'Over the Ridge'          8x10        pastel  $145
Painting outside is not for everyone. If you don't enjoy it or can't for whatever reason do the next best thing. Go outside with a sketchbook or maybe just yourself. Take time to paint what you see in your mind's eye. What colors do you see? What are you feeling? If you had paint what would you do? Just go outside and experience the things you love to paint without a camera. Live it and it will show in your work!

Sunday, September 14, 2014

Three Reasons to Try a Plein Air Paint-Out

'September Meadow'               6x6         plein air   pastel   ©Karen Margulis
purchase painting here  $50 
I can't think of a better way to spend a weekend. I came home relaxed, renewed and inspired. I participated in a plein air painting event in Blue Ridge Georgia this weekend. The was my 4th year participating and it was the largest turnout of artists yet. There were 45 artists participating and over 70 paintings turned in for the exhibition and awards.  We painted in beautiful locations from Thursday to Sunday and turned in our framed paintings on Sunday afternoon. Participating in the paint out was a wonderful experience and I highly recommend it to artists of all levels. Here is why:

1. Relaxation: Yes I go to a paint-out to relax! It is an opportunity for me to get outside to paint. I find painting to be the most relaxing activity so to combine it with the Great Outdoors is the perfect combination. I am not stressed or concerned with the competition aspect of a paint-out. I like the excuse to be able to paint all weekend with nothing else on the to-do list.

2. Renewal: A plein air event is the perfect opportunity to meet up with like-minded people....other artists who love to paint. We are fortunate that we have a great network of artists in our area. No matter what the medium or level of experience, everyone is welcome. I have met some wonderful friends and spending time painting with them and catching up is a welcome change from the solitary time spent in the studio.

3. Inspiration: I come away from a plein air event inspired. How can you not be inspired by seeing 70 paintings created in the space of 3 days!  Oil, watercolor, pastel and acrylic....so many different approaches and interpretations. It is so much fun to see.  I also leave a plein air event with a heightened sensitivity....I notice more than usual. I have fine tuned my eye from having painted for 3 days outside....and that experience will continue to help my work!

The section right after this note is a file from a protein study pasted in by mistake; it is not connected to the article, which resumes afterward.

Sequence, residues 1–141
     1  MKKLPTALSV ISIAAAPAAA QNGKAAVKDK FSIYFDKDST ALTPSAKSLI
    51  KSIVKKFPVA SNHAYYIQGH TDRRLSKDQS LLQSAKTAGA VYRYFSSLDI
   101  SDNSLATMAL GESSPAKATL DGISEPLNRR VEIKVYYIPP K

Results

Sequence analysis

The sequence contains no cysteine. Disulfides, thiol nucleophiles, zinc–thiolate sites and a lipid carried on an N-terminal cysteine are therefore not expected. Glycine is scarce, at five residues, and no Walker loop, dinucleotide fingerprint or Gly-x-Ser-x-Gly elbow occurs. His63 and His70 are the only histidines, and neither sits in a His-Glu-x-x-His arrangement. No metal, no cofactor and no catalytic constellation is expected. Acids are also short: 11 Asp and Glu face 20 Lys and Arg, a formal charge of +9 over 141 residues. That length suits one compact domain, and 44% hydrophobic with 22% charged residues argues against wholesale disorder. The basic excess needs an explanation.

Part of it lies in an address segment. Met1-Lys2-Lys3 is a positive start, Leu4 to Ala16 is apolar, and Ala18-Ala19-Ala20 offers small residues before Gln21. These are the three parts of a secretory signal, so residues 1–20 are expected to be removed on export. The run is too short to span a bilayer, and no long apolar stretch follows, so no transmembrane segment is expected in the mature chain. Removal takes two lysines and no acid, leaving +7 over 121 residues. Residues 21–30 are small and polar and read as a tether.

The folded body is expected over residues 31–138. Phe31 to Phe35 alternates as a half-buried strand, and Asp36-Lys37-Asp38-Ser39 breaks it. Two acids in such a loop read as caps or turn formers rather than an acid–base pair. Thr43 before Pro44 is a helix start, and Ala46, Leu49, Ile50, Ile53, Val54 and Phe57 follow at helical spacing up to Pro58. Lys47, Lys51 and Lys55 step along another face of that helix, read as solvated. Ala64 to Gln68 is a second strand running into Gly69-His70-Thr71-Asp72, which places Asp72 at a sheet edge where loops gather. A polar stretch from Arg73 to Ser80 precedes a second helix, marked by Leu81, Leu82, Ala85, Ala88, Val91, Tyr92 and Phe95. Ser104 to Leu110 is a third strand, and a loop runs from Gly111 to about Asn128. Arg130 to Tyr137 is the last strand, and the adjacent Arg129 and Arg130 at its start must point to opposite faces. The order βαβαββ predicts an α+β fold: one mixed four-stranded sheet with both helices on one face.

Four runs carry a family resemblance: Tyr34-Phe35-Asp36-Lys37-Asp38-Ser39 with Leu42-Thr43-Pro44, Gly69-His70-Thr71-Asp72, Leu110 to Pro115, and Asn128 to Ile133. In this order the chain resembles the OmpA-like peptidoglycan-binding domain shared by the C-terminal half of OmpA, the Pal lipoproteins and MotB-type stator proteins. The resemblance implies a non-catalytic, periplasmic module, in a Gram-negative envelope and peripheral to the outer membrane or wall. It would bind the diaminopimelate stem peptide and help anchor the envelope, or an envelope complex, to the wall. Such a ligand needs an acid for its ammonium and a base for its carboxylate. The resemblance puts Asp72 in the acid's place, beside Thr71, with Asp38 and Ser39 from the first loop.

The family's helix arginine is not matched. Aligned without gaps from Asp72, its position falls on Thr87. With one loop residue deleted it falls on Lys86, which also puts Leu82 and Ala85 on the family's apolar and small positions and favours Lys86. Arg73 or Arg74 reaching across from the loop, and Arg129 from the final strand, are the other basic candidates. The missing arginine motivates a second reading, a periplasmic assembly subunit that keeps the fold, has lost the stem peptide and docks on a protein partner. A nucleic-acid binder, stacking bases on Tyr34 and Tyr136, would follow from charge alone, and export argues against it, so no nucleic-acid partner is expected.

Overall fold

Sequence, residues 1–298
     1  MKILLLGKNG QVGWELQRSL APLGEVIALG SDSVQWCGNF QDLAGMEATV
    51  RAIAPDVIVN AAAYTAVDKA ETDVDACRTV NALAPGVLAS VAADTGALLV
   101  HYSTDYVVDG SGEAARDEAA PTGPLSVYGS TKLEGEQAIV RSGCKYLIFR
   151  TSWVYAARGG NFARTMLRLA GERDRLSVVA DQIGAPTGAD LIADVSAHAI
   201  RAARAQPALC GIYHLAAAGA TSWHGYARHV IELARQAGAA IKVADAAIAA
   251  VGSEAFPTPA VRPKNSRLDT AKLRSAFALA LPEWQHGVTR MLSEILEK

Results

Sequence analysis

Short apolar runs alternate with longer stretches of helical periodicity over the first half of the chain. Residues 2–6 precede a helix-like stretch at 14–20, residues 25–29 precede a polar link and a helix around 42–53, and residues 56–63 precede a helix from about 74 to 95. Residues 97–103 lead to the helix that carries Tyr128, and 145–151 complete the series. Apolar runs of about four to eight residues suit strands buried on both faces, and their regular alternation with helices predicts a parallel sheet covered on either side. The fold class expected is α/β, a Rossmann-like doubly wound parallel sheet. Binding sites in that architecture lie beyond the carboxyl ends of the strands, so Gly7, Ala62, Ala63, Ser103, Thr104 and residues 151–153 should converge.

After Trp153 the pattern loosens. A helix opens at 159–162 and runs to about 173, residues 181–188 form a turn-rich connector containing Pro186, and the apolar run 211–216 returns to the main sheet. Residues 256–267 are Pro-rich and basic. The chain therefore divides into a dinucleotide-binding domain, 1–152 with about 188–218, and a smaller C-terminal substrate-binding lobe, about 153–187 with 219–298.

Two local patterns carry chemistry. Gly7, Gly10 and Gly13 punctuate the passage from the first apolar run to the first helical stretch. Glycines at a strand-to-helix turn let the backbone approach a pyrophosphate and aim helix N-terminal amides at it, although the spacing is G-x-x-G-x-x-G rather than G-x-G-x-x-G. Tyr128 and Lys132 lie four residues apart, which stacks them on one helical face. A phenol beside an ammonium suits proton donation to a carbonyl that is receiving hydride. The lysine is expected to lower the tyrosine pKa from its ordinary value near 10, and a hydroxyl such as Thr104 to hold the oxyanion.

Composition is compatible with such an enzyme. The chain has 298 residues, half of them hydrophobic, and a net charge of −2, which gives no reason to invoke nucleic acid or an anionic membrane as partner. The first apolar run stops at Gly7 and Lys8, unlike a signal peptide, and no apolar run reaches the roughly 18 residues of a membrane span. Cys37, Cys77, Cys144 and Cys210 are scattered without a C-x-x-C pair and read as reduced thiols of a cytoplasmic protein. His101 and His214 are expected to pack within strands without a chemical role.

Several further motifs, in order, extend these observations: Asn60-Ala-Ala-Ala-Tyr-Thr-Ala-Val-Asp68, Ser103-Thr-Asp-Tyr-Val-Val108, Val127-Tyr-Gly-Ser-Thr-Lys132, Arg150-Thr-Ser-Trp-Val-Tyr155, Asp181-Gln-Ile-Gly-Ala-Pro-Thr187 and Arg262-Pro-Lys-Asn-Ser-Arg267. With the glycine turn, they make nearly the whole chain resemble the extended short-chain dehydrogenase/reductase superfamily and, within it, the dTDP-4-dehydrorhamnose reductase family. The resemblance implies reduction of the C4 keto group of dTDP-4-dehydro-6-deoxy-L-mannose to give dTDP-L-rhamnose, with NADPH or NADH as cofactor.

The 3 paintings I turned in for the exhibition



Painting Notes:  The painting in today's post was one of the plein air pieces that I did. It is 6x6  pastel on Somerset paper with clear gesso.

Thursday, September 11, 2014

How a Pair of Scissors Can Improve a Painting


'Under the Summer Sun I'         6x6          pastel           ©Karen Margulis
purchase painting on Etsy $50
It was time for the scissors.  I got carried away with the bits and pieces in my painting. I had forgotten about the whole thing....the big picture. How do those bits fit in? Did the whole painting work or had I gotten too busy?  I sure was having fun but I wasn't satisfied with the results.

I left the painting on the easel. Maybe the answer would come in the morning. 

The 12x18 painting before the scissors 

I came down to the studio the next morning and was dismayed to see that the studio fairies had not paid a visit. The painting sat on the easel untouched. It still bothered me.  It was too fussy. I could brush it out and rework it.  Sometimes it is a matter of taking things away rather than adding pastel and more 'stuff'  that solves a problem. Brushing out would certainly simplify the painting.

The problem was I liked all the bits and pieces. I just didn't like them all together! If I brushed them out I would lose the things I really enjoyed. It was time for the scissors.